What are the main symptoms of alpha-thalassemia?

The symptoms of alpha-thalassemia are variable, according to the severity of disease. Alpha-thalassemia is caused by mutations in the HBA1 and/or HBA2 genes. We each have two copies of HBA1 and HBA2, for a total of four copies.

Babies with no working copies of the HBA1 or HBA2 genes have the most severe form, hemoglobin Bart syndrome. Symptoms begin prenatally and include swelling of the body, fluid surrounding the brain, heart and lungs, severe anemia, enlarged liver and spleen, heart defects and defects of the urinary and genital system. Death usually occurs in newborns. These pregnancies can be complicated by preeclampia (extreme hypertension), excessive amniotic fluid or reduced amniotic fluid, bleeding in the genital tract, and premature delivery.

The less severe form of alpha-thalassemia is called hemoglobin H disease. These individuals have one working copy of the HBA1 or HBA2 gene. Symptoms of this form vary from mild to more severe. Symptoms usually start by age one, but for some, symptoms do not begin until adulthood. Those with more severe symptoms can have anemia, enlarged spleen, gallstones, slowed growth and decreased bone density. 24% to 80% of these patients receive blood transfusions, and blood transfusions start between 0 and 3 years of age. Those with less severe symptoms are less like to receive blood transfusions, with 3% to 29% chance. The age at first blood transfusion is older, between 6 and 15 years of age. The anemia, enlarged spleen, gallstones, slowed growth and decreased bone density are more mild. People with hemoglobin H disease may experience bone changes of the face, such as enlargement of the upper jaw, protruding of the forehead and enlargement of the cheekbones. In very severe cases, infants have died prenatally or soon after birth. The cause of this extreme variability is unknown.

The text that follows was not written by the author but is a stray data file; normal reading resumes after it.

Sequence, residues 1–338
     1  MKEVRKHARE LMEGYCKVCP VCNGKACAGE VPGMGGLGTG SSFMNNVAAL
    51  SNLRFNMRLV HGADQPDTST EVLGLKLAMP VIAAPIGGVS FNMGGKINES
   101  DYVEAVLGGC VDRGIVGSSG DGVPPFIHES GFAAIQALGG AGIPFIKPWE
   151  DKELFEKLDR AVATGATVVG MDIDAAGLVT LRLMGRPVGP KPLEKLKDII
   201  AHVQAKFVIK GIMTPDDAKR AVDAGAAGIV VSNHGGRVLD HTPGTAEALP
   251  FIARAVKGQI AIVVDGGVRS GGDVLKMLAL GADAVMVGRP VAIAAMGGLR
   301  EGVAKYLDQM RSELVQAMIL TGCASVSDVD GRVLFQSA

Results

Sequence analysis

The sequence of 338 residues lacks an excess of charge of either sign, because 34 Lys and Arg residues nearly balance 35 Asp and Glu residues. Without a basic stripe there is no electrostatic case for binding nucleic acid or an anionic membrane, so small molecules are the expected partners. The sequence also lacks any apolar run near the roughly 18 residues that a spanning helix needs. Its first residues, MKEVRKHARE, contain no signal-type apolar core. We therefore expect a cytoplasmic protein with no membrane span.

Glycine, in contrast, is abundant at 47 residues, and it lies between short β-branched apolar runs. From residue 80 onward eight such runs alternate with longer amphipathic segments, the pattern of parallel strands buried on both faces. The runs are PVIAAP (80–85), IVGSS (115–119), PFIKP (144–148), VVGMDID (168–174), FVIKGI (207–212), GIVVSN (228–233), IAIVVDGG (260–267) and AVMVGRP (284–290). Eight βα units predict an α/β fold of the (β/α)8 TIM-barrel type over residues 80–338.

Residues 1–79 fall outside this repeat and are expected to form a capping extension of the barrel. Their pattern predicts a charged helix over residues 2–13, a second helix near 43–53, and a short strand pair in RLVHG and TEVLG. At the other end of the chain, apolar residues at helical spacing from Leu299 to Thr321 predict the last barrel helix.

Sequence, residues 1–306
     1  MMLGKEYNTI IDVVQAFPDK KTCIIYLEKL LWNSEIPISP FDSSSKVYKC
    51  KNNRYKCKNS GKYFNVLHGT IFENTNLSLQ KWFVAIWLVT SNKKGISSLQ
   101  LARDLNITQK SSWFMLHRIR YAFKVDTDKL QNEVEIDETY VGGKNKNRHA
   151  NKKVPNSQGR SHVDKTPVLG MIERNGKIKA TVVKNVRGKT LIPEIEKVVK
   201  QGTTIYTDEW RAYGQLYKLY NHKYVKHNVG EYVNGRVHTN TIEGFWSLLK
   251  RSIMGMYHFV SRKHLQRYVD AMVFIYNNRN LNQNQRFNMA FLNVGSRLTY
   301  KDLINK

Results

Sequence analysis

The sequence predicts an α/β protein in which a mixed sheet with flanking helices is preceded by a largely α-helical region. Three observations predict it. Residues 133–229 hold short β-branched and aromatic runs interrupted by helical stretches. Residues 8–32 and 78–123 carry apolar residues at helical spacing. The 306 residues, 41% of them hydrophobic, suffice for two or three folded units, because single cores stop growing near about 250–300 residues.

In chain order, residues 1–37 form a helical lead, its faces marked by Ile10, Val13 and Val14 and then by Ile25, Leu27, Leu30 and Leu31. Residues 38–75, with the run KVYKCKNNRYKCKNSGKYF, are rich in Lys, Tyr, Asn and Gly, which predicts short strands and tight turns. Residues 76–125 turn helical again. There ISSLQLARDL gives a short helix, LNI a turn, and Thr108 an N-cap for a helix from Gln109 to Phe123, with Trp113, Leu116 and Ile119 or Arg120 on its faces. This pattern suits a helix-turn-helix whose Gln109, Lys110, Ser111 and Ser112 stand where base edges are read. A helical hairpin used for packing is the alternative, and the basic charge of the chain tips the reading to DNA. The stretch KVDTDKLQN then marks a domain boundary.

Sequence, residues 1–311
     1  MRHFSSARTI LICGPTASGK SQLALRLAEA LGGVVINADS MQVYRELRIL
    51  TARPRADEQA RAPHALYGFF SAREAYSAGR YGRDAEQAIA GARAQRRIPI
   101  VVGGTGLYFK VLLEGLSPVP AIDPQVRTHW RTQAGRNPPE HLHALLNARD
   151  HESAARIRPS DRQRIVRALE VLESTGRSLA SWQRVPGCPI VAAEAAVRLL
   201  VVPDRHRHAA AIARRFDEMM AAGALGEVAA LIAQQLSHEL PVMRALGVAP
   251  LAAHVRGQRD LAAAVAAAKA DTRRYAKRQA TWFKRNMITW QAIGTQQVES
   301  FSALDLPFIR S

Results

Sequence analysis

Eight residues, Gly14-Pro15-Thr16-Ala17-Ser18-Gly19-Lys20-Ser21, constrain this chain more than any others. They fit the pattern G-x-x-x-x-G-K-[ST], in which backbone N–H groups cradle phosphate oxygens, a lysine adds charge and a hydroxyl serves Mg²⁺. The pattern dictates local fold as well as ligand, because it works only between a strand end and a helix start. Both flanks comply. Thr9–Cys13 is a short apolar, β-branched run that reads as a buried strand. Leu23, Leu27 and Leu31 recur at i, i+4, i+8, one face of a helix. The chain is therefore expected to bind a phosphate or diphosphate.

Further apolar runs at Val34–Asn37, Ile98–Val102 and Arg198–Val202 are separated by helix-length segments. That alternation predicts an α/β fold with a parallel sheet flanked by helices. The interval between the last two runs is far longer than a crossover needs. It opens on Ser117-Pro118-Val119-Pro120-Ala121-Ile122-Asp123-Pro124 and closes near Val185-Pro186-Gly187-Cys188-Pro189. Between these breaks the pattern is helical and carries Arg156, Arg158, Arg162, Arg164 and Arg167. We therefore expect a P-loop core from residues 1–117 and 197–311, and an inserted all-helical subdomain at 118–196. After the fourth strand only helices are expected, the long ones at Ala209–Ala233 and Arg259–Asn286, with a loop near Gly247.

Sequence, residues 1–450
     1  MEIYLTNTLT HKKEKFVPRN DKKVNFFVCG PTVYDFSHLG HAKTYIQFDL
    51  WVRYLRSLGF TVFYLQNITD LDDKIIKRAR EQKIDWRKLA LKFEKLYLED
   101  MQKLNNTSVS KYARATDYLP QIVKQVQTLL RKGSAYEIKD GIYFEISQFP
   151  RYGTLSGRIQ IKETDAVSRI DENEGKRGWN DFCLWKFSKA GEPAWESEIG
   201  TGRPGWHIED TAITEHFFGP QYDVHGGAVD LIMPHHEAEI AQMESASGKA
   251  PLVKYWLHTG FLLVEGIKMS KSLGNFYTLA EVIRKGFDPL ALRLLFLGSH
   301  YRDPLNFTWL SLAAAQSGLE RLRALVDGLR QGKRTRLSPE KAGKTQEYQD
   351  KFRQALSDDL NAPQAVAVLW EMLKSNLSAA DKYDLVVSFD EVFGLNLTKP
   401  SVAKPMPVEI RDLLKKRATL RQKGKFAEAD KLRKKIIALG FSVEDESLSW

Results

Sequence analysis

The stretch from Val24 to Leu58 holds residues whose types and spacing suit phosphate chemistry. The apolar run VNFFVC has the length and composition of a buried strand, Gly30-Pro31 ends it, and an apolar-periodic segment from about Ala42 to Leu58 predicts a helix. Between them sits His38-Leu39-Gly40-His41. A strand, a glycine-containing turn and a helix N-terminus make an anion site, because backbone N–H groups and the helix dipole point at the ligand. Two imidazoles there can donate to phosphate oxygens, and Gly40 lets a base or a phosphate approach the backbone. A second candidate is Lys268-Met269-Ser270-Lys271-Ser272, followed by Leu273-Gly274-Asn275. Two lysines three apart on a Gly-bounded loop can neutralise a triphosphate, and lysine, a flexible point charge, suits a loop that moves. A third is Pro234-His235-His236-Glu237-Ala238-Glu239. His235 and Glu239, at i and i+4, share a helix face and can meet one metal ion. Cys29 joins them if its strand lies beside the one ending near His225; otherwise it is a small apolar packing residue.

People with alpha-thalassemia trait have two working copies of HBA1 or HBA2 genes. They have mild anemia. Silent carriers have three working copies or HBA1 or HBA2 genes and do not experience symptoms.

During pregnancy, women with hemoglobin H may experience more severe anemia. In the third trimester, increased rate of premature labor, preeclampsia and congestive heart failure have been reported.

Origa, R., Moi, P., Galanello, R., & Cao, A. (2013). Alpha-Thalassemia. GeneReviews at GeneTests Medical Genetics Information Resource (database online). Copyright, University of Washington, Seattle. 1997-2013. Available at Accessed (2/29/2016).

Vichinsky, E. (2012). Advances in the treatment of alpha-thalassemia. Blood Reviews, S31-S34.

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